HomeOpinionOpinion: Finding Joy and Justice for Childbearing Black Moms  

Opinion: Finding Joy and Justice for Childbearing Black Moms  

Dr. Melissa Franklin | Special to California Black Media Partners | August 28, 2023

Black mothers are more likely to die due to complications from pregnancy and childbirth than pregnant women of all other races. This is a shameful injustice plaguing the Black community, one that is over 400 years in the making.

Black women are 1.6 times more likely to experience more maternal mental health conditions, including prenatal and postpartum anxiety and depression, than women of other races, according to the American Hospital Association Institute for Diversity and Health Equity,

These injustices are killing Black women who are well-resourced and educated like Olympian Tori Bowie, as well as those enduring economic hardship. It is also harming their babies. And although this crisis has attracted national attention, it remains unaddressed.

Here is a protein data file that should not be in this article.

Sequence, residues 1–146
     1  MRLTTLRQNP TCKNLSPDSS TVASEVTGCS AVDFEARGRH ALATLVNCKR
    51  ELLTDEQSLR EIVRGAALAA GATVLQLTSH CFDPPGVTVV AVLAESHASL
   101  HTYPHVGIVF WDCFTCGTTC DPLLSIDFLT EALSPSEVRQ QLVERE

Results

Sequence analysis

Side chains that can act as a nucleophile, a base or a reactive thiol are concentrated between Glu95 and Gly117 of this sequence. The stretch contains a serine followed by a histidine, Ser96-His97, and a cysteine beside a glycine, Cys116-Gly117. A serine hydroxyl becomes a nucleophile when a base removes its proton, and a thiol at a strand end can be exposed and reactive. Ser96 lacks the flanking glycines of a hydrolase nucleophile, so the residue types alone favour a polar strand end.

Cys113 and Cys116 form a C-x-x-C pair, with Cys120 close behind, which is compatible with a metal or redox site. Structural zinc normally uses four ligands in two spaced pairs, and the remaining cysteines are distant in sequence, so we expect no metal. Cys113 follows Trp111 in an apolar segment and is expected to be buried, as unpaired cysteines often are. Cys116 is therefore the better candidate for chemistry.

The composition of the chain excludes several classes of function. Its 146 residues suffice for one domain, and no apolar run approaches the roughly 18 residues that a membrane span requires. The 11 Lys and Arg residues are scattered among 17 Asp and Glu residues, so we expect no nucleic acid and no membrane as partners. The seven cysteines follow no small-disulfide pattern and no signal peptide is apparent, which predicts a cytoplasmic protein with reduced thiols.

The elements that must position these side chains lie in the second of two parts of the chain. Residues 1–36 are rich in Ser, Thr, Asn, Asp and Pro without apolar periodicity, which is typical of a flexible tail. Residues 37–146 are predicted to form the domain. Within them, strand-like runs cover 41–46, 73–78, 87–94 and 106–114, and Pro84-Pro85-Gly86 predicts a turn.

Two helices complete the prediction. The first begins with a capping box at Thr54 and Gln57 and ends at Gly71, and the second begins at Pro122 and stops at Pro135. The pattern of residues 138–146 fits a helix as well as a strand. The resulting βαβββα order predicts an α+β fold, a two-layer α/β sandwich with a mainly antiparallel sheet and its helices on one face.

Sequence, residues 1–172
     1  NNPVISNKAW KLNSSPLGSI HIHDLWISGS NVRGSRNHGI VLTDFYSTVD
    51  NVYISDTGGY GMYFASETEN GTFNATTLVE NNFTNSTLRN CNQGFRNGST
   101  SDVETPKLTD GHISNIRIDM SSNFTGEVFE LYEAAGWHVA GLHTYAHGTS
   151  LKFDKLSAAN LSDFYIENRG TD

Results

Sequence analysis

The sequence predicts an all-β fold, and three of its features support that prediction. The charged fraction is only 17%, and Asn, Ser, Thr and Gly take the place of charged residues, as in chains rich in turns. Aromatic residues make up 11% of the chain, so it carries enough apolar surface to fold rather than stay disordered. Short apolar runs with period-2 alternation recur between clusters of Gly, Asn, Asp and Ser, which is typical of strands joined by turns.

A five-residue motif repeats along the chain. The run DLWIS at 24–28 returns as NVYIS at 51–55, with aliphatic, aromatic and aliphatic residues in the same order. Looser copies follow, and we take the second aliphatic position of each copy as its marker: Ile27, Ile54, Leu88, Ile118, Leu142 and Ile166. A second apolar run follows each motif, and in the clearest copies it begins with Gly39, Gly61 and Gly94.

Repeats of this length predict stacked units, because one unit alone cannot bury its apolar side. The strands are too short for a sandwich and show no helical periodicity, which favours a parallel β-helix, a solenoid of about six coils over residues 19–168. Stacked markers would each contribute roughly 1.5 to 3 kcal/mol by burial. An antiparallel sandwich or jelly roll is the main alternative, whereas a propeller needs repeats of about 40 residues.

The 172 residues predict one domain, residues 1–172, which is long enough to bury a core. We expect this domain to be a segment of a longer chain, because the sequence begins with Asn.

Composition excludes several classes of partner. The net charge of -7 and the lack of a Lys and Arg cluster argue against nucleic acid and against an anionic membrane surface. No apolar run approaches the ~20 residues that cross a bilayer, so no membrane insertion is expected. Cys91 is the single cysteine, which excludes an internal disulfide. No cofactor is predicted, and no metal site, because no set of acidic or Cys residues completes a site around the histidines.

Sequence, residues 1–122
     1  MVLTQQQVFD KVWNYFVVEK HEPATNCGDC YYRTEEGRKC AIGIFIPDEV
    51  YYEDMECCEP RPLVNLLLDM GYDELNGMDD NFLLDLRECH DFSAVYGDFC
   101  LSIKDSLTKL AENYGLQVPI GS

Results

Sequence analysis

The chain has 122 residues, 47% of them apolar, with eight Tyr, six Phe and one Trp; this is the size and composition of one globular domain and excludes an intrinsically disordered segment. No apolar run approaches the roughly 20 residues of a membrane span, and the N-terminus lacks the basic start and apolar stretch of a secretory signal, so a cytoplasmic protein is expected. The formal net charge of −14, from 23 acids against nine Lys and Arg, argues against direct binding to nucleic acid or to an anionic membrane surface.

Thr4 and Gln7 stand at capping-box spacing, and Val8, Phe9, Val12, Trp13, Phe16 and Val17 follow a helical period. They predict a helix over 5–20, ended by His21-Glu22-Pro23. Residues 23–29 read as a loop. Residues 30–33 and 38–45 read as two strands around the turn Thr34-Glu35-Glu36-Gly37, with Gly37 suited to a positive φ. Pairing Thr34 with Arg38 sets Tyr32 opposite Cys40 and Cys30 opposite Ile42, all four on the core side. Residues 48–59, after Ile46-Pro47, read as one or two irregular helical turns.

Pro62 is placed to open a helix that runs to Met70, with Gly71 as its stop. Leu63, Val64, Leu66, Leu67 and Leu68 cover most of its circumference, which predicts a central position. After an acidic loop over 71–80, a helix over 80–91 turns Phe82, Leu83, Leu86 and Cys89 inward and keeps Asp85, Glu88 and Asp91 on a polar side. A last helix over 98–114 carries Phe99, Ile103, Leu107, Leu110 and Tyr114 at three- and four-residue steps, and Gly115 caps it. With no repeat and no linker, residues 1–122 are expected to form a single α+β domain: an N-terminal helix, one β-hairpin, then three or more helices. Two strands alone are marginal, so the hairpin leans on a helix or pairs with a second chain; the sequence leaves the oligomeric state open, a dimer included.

For Black women, like me, who have experienced premature childbirth, the trauma and guilt of not being able to bring our babies full term can be long-lasting. Those psychological scars exist along with the other physical and mental threats to our health and wellbeing.

Both of my children were born three months early, despite my best efforts. I had a steady job, decent income, post-graduate education, a good bill of health and a stable relationship. Yet, my health and life were threatened in both of their births. One would think that such an experience would place me in a unique category. However, as a Black woman, it does not.

In Los Angeles County, Black women die at three to four times the rate of other races due to pregnancy-related complications, and Black babies die at two to three times the rate of any other race before their first birthday. Black babies are born premature at greater rates than any other ethnic group, which can lead to long-term health and developmental challenges. The Black community is also shouldering a disproportionate amount of the mental burden of tragedy and loss when it comes to pregnancy and childbirth.